|Facilitating ecological enhancement of coastal infrastructure: The role of policy, people and planning|Naylor, L.A.; Coombes, M.A.; Venn, O.; Roast, S.D.; Thompson, R.C. (2012). Facilitating ecological enhancement of coastal infrastructure: The role of policy, people and planning. Environ. Sci. Policy 22: 36-46. dx.doi.org/10.1016/j.envsci.2012.05.002
In: Environmental Science & Policy. Elsevier: Exeter. ISSN 1462-9011, more
Science policy; Science practice; Knowledge broker; Ecological engineering; Urban coastal ecology; Coastal infrastructure; Ecological enhancement
|Project|| Top | Authors |
- Innovative coastal technologies for safer European coasts in a changing climate, more
|Authors|| || Top |
- Naylor, L.A.
- Coombes, M.A.
- Venn, O.
- Roast, S.D.
- Thompson, R.C.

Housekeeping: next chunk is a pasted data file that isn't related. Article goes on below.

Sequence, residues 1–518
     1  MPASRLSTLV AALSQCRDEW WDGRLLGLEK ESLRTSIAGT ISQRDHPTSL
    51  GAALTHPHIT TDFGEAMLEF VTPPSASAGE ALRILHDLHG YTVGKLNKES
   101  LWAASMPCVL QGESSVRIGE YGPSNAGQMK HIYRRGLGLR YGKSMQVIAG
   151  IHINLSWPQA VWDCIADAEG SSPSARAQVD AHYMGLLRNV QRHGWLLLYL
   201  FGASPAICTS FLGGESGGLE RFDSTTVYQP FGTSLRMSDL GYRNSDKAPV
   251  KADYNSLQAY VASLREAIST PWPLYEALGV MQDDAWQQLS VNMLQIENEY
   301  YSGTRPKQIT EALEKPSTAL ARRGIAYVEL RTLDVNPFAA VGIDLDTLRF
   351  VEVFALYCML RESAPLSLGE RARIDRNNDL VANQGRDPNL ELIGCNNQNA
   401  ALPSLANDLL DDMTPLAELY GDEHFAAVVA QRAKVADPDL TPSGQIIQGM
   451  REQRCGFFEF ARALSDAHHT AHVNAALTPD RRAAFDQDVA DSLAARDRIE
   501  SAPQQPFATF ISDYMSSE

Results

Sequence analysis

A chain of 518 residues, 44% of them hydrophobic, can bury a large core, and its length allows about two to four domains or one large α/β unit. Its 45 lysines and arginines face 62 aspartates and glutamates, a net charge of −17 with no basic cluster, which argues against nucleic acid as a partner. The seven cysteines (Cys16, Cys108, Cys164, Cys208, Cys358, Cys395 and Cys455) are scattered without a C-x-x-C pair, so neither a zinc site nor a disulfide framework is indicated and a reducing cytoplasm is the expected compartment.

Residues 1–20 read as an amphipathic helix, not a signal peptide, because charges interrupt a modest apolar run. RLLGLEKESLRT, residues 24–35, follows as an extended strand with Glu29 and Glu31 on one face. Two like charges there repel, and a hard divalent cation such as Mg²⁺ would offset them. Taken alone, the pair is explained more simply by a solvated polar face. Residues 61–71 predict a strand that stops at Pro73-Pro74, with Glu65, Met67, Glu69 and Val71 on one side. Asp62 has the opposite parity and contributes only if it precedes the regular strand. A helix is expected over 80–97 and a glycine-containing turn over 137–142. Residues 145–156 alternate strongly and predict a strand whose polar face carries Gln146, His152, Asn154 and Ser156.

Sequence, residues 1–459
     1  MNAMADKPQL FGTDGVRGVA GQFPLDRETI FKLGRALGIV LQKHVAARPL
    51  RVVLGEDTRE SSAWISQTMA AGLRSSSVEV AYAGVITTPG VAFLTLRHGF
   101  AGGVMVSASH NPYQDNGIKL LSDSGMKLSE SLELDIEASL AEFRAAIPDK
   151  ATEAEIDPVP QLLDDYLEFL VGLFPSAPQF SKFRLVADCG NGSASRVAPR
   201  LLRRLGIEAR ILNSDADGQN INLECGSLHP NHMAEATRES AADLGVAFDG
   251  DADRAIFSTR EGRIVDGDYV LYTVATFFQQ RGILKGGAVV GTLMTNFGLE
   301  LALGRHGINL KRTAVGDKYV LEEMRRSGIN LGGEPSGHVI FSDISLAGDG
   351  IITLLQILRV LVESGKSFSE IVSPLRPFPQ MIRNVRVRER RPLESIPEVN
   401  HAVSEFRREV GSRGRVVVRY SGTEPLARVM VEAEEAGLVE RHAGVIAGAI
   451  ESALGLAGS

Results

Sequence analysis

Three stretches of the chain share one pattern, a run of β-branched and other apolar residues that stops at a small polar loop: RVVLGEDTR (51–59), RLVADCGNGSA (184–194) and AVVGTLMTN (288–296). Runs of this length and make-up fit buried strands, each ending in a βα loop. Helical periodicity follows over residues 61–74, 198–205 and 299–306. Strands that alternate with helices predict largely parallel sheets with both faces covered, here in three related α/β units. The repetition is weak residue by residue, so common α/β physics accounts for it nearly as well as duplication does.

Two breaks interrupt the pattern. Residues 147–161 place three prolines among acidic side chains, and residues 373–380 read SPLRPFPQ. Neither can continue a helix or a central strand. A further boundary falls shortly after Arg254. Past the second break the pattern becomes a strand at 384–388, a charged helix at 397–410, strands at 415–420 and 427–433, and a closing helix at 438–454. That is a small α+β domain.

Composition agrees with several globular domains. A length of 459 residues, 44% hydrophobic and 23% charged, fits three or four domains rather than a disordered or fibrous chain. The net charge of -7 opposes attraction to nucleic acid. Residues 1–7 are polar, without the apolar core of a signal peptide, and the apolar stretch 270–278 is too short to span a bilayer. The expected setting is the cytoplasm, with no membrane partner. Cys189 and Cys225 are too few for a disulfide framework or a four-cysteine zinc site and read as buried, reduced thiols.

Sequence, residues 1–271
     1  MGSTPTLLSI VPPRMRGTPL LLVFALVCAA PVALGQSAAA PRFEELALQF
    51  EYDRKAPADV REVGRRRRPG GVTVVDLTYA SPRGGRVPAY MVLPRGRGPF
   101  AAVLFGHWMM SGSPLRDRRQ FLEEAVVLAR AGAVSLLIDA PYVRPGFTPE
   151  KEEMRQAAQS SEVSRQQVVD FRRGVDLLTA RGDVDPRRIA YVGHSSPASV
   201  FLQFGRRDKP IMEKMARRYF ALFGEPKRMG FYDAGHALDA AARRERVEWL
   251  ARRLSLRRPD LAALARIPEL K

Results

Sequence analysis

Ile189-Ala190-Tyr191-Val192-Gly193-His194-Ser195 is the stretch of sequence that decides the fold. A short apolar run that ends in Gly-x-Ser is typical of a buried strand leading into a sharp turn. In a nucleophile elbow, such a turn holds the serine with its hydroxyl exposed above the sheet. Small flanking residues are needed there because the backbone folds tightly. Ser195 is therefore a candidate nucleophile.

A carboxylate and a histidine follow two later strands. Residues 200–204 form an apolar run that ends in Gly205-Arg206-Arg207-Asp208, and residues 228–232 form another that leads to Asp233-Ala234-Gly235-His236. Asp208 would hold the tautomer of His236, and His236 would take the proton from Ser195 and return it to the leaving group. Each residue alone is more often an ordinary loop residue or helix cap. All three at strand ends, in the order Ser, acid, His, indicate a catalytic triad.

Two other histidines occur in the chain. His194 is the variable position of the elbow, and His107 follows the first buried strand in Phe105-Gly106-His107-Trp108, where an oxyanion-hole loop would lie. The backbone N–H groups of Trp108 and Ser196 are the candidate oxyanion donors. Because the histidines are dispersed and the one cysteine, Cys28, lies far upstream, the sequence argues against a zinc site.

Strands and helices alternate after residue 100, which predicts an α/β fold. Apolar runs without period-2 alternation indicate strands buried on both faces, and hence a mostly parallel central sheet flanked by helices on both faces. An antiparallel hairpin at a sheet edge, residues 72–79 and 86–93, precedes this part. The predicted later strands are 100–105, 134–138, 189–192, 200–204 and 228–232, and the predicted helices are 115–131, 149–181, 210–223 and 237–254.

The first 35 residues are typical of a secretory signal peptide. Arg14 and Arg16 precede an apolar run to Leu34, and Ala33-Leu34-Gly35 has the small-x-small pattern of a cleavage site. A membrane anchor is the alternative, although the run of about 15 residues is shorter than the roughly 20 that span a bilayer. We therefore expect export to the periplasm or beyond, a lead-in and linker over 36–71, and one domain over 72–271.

Urbanisation is recognised as a major pressure on coastal biodiversity. Increasing risks of flooding and erosion associated with future climate change indicate that new hard infrastructure will have to continue to be built – and existing structures upgraded – in areas of high social and economic value. Ecological enhancement involves undertaking management interventions at the design stage to improve the ecological potential of these structures, or to improve the ecological value of existing structures. Whilst scientific research into ecological enhancement methods and designs is growing, there has been limited discussion of the non-science drivers and mechanisms by which ecological enhancements can be successfully implemented in coastal infrastructure projects.We explore the science–policy–practice interfaces of the ecological enhancement of hard coastal structures from three perspectives. First, we outline the growing number of European and UK policies and legislative instruments that are increasing the need to consider ecological enhancement in coastal developments. These serve as a facilitative tool for making enhancement projects happen, constituting a significant ‘policy push’ for research and application in this area. Second, we examine the role of people in influencing the uptake of ecological enhancements. The critical role of ‘knowledge brokers’ and the need for effective and sustained collaboration between a range of groups and individuals to get research approved operational trials off the ground is discussed. Third, we examine where in the typical planning, design and build process current enhancement projects have been embedded, serving to illustrate how the science can be used in practice.